Office Christmas Party
Seeing a movie on Christmas Day is a singular tradition unlike any other. Typically, families will congregate to enjoy a special film, and what better time than when the world is in a virtual standstill? As I contemplate all of the wonderful holiday classics and the movies I have enjoyed over this special holiday, Office Christmas Party is the last thing that comes to mind, but it better, because this is a movie review of OFFICE CHRISTMAS PARTY.
Jason Bateman and Jennifer Aniston are fine actors. I may be the only pundit in America willing to say that Aniston needs to transition from wannabe sex symbol to acting like a classy 50-year-old woman that demonstrates charisma and poise, not tasteless raunchiness every chance she gets, but to each his own. Bateman is a fine actor, but he has been doing the same comedy routine for decades. He is staler than that fruitcake you intend to eat but never get around to until intoxication compels you into submission only to find out it is expired, and probably would have tasted disgusting in the first place.
Fortunately, Office Christmas Party showcases the talents of many other up-and-comers. T.J. Miller is a politic lunatic (he assaulted and battered an Uber driver because the Uber driver dared to praise the President-Elect), but he has some talent in the art of awkwardness. His considerable height and puzzlingly bewildered look allow for whatever words exit his mouth to seem moderately humorous because what choice do audiences have? Laugh or…There is no alternative.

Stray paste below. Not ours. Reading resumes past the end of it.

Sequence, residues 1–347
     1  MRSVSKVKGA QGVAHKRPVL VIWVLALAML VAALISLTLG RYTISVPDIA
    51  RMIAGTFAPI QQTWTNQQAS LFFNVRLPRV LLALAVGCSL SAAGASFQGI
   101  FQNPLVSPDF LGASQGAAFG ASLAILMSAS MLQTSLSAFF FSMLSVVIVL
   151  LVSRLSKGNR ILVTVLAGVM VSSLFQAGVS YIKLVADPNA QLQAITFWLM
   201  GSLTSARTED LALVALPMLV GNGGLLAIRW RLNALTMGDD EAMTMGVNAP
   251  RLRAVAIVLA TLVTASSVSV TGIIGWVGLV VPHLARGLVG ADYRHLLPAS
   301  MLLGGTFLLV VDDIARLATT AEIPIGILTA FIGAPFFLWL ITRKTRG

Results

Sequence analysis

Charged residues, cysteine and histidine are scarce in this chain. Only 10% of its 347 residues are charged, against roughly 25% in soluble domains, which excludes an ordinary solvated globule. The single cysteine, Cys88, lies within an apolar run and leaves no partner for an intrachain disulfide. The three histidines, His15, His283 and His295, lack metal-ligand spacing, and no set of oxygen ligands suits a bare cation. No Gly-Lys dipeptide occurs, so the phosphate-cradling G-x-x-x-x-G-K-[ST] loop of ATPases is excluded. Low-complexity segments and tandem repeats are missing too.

This brings me to Aaron Rodgers’ girlfriend, I mean actress Olivia Munn. Munn is half-Chinese (perhaps some Vietnamese as well) and she has a rare and uniquely lovely appearance. It is hard to look elsewhere when she is on screen. To her credit, in Office Christmas Party, she portrays a character that is a sensitive sweetheart with a side of leadership and academic brilliance to boot. The character is tailor made for her sort of dramatic pizzazz. She does a really nice job in diverting our attention away from the nonstop onslaught of jackass humor the movie screenwriters provided us with.
My movie companion Attorney Jack and I debated throughout this movie whether it took the writers 15 minutes or 30 minutes to write the script of Office Christmas Party, a movie in which Jesus is riding on a horse when it jumps through the window of a high-rise office complex and we never find out what happened to him. I insisted on 15. In any event, Office Christmas Party is not a special family film, it is an hilarious hodgepodge of degenerate garbage, and it is consistent in its loathsomeness.